Around the world, people are discovering that protection of the ocean in coastal areas makes sense both for the environment and the economy. Marine reserves, much like the network that was just completed off of the coast of California have been highly beneficial to local economies, sometimes in as little as five years.
Evidence of these positive results was recently published by National Geographic Explorer-in-Residence, and Ocean Conservancy Board Member, Enric Sala and seven colleagues in a study entitled, “A General Business Model for Marine Reserves.” The study shows that protecting biodiversity can create economic benefits through increased tourism, enhanced fisheries value and/or maintenance of ecosystem services.
Among the numerous findings, Sala noted that “what we showed with the modeling is that a reserve’s value can be greater than its pre-reserve value in as little as five years. So reserves not only have ecological benefits in terms of protecting biodiversity, but they are also a good business.”
Such conservation – conservation that’s good for business – should be replicated elsewhere. With that in mind, Sala proposes a general framework that can be adapted to local contexts. In his interview with Brian Clark Howard of National Geographic, Sala recommends that communities considering marine reserves should:
Ask what are the costs of a reserve, which are costs of management and opportunity cost (typically, loss of fishing revenue). Then you expect to have some increased revenue in fishing in the area in a few years and increase in tourism. So you can put together a business plan with projected cash flows.
Though Sala did not use California’s marine reserves as part of his study, similar research here has shown that reserves have benefitted both fisheries and tourism throughout the California coast. For Example, the Channel Islands’ fully protected marine reserves cover 21 percent of the Islands’ waters and were established in 2003. Researchers found the value of tourism and recreational fishing has increased each year in the Islands since the reserves were created. Meanwhile, commercial landings for some of the largest fisheries in Islands waters – squid, urchin, lobster and crab – also increased.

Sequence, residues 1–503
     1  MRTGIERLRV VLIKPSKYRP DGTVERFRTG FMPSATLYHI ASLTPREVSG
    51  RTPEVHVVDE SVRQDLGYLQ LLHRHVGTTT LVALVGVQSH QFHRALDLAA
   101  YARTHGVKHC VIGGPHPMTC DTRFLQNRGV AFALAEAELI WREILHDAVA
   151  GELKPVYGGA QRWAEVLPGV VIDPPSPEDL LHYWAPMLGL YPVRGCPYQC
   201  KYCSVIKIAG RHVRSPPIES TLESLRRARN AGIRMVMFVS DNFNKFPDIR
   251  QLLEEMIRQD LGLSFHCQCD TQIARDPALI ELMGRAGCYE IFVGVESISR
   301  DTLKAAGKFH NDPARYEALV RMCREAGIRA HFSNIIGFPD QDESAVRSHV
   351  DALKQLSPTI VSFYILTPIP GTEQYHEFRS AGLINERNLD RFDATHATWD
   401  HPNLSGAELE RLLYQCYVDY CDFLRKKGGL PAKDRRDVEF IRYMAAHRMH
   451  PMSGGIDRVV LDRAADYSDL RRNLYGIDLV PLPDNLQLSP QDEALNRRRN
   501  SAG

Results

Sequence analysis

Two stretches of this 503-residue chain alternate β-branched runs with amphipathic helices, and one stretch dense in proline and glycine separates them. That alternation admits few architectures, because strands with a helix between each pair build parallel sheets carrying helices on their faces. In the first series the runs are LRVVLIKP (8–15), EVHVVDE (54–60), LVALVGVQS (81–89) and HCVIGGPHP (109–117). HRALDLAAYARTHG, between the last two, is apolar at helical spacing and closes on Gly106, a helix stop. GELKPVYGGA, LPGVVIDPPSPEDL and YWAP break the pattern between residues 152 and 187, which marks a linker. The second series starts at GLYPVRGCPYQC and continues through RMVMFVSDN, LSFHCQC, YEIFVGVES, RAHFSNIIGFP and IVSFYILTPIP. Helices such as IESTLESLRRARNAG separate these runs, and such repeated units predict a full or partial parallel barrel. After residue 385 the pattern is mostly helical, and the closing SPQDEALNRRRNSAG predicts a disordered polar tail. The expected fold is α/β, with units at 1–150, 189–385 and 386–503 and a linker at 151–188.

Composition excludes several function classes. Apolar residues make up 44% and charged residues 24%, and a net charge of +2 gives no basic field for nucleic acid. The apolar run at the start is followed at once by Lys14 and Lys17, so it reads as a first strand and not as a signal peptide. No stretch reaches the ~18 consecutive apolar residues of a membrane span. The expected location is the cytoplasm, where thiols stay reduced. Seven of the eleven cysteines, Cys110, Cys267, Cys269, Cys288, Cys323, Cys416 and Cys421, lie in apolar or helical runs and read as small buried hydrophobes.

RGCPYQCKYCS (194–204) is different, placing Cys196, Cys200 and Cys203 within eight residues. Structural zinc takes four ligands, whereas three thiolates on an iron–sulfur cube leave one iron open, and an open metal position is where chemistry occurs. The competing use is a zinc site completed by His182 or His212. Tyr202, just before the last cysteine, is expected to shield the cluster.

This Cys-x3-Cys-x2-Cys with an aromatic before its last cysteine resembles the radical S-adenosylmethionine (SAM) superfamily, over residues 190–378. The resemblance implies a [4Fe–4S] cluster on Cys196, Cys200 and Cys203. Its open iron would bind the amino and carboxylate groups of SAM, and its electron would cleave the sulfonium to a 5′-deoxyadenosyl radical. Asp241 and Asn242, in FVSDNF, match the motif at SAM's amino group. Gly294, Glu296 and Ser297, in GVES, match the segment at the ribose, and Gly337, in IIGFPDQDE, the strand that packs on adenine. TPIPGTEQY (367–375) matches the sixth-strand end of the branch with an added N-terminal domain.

Further north at the marine protected areas (MPAs) on the Central Coast, researchers found that after five years, protected areas have seen an increase in both total and average individual revenue for the region’s commercial fishermen, in conjunction with an increase in economically important species like cabezon, lingcod and black rockfish. Such increases in fishing revenue following the creation of these reserves are highly encouraging whether they can be attributed to the completion of the MPAs or not.
The tourism industry on the Central coast has seen economic benefits as well. For instance, charter boat operators conducting non-fishing activities in the region report that MPAs are having a positive impact on their businesses, through increased recreational diving and research charters.
Around the world, numerous studies of marine reserves echo the results that are being seen on the Central Coast: no-take reserves benefit protected ecosystems in terms of increased species size, density and diversity. With these results in mind, Sala is right to say that the time has come that we “move away from the view that it is either conservation or development. Actually, we show that they go hand in hand.” Instead, we should start viewing protection of ocean ecosystems as smart for both the environment and the economy.